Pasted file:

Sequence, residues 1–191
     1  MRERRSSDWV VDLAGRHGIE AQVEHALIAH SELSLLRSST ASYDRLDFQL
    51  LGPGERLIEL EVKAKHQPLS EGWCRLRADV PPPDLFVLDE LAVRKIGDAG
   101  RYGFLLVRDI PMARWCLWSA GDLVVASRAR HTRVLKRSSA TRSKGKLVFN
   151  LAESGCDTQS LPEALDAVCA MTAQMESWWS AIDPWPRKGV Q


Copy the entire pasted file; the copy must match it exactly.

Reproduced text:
Sequence, residues 1–191
     1  MRERRSSDWV VDLAGRHGIE AQVEHALIAH SELSLLRSST ASYDRLDFQL
    51  LGPGERLIEL EVKAKHQPLS EGWCRLRADV PPPDLFVLDE LAVRKIGDAG
   101  RYGFLLVRDI PMARWCLWSA GDLVVASRAR HTRVLKRSSA TRSKGKLVFN
   151  LAESGCDTQS LPEALDAVCA MTAQMESWWS AIDPWPRKGV Q